Regardless of the extent of your dandruff, you should avoid using overly strong hair care products and washing or drying your hair at too high a temperature. Anti-dandruff shampoo developed for each type of dandruff will help eliminate the problem. You can also ask your dermatologist to make a specific diagnosis and help you find treatments that work.

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Dermatologist’s advice

What can be done about an itchy scalp?

Did you know?
Itching of the scalp can be attributed to a variety of causes, including nervousness, stress, dry skin, etc. In some cases, it can even be triggered by a disruption in the skin’s natural flora. Normally, the surface of the scalp provides a natural home for these micro-organisms, a sort of “local ecosystem”. When one of these micro-organisms develops more quickly and becomes predominant, the ecosystem is thrown out of kilter and itching can result. In addition, certain factors (humidity, overuse of gels, dietary imbalance, etc.) can allow the proliferation of Pityrosporum ovale, a type of fungus that irritates the scalp, causes itching and can result in the formation of dandruff.


What to do on a daily basis
To maintain the scalp’s ecological balance, it is essential to avoid overly harsh hair care treatments. Choose gentle shampoos, don’t keep wet hair under a towel or hat for too long, and use hair products only on the hair itself, not the scalp. With kind and gentle care, your scalp’s natural balance will be restored. If itching continues, however, ask your dermatologist to determine the cause.

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Dermatologist’s advice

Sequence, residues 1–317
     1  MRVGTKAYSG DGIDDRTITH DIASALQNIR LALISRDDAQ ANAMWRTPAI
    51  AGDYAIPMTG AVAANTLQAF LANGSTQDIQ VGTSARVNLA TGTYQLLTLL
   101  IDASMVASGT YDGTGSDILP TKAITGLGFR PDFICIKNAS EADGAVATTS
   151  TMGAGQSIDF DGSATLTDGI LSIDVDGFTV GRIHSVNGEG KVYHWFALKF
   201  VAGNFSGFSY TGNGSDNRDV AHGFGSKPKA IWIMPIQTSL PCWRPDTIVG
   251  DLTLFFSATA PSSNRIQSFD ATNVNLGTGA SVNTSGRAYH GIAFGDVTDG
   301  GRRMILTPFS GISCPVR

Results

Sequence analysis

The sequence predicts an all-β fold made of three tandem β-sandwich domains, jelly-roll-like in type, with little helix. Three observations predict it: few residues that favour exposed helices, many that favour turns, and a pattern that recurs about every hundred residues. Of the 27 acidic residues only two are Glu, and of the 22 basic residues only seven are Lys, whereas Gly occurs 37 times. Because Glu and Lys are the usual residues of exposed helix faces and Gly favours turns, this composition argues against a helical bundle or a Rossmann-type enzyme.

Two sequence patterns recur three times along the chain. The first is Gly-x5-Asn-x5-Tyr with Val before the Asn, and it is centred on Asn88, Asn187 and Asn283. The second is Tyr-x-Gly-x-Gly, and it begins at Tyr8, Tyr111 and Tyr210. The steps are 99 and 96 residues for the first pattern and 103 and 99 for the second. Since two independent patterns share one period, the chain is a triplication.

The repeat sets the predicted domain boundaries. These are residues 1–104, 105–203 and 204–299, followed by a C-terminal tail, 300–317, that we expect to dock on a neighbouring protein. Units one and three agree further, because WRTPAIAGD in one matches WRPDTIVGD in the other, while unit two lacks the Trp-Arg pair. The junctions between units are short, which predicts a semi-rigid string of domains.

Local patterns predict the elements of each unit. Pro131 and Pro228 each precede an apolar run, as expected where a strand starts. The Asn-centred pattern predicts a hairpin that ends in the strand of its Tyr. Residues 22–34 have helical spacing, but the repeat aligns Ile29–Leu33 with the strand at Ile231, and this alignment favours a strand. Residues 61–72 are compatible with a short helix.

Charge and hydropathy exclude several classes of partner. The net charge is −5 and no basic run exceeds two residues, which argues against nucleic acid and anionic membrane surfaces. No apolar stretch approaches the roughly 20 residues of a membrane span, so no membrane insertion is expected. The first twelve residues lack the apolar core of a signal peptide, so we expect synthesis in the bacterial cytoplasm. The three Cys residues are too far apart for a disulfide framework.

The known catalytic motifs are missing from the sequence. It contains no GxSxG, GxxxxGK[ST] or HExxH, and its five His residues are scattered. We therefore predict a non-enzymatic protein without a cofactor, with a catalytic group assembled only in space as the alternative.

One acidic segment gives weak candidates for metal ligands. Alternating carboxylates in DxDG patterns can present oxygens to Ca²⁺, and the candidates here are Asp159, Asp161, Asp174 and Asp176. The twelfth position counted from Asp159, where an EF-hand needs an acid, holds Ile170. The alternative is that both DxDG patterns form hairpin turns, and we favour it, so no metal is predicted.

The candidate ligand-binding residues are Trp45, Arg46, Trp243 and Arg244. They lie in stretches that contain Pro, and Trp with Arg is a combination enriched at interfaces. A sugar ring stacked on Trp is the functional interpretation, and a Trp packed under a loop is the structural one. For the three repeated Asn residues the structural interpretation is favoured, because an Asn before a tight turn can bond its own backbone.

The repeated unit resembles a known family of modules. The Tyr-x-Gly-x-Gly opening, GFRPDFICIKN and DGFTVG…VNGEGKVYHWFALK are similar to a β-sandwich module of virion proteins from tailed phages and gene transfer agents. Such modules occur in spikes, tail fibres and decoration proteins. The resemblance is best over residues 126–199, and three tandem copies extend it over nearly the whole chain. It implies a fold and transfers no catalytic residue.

What causes hair loss?

Did you know?
Hair loss can be sudden or gradual, and isn’t always hereditary. There can be numerous underlying factors.

Among men, 95% of hair loss can be attributed to androgenetic alopecia – in other words, the root cause is both genetic and hormonal. Also known as “male pattern baldness”, this condition begins developing at puberty, and hair loss is particularly noticeable at the temples and crown of the head.

Androgenetic alopecia is less common in women, and can only be established by means of a hormonal evaluation. Women are also more susceptible to seasonal change (particularly in the autumn) and episodes of hormonal stress (puberty, pregnancy, menopause and so on) that can trigger hair loss.

What to do
As a general rule, avoid any aggressive treatment of the hair, such as extremely hot dryers, hair colour treatments and the like.
Men should take action immediately to avoid premature hair loss – in other words, as soon as hair around the temples begins to thin. Ask a pharmacist or dermatologist to recommend specific treatments. These will be all the more effective if you take action as early as possible.

Women should keep in mind that occasional hair loss due to temporary hormonal fluctuations – during puberty or pregnancy, for instance – tends to resolve itself. If it persists, however, ask your gynaecologist for advice.

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Dermatologist’s advice

What’s the best way to treat dandruff?

Did you know?
Dandruff is the result of excessive peeling, or desquamation, of the scalp. Normally, scalp cells are naturally renewed and eliminated in the form of extremely tiny, invisible flakes. However, some factors can cause this process to intensify, with clusters of dead cells then forming two types of dandruff. Dry dandruff, which is small and fine, detaches and falls. Greasy dandruff, which has coarser and larger flakes, tends to stay in the hair and on the scalp.

What to do on a daily basis
Regardless of the extent of your dandruff, you should avoid using overly strong hair care products and washing or drying your hair at too high a temperature. Anti-dandruff shampoo developed for each type of dandruff will help eliminate the problem. You can also ask your dermatologist to make a specific diagnosis and help you find treatments that work.

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Gynaecologist’s advice

Can taking the pill cause hair loss?

Did you know?

Hair loss is often caused by an iron deficiency, a condition that needs to be diagnosed by your doctor.
Taking a contraceptive pill can give you the impression that your hair is more oily. Discuss the matter with your gynaecologist, who can always prescribe another pill that is less androgenic.

What to do